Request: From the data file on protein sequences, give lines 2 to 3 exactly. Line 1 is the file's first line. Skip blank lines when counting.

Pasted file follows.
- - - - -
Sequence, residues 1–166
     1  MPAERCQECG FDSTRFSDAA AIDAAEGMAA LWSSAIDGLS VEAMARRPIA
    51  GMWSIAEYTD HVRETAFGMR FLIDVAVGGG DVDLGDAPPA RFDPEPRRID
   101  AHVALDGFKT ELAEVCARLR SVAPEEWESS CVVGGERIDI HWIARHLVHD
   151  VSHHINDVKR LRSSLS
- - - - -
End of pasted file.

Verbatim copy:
     1  MPAERCQECG FDSTRFSDAA AIDAAEGMAA LWSSAIDGLS VEAMARRPIA
    51  GMWSIAEYTD HVRETAFGMR FLIDVAVGGG DVDLGDAPPA RFDPEPRRID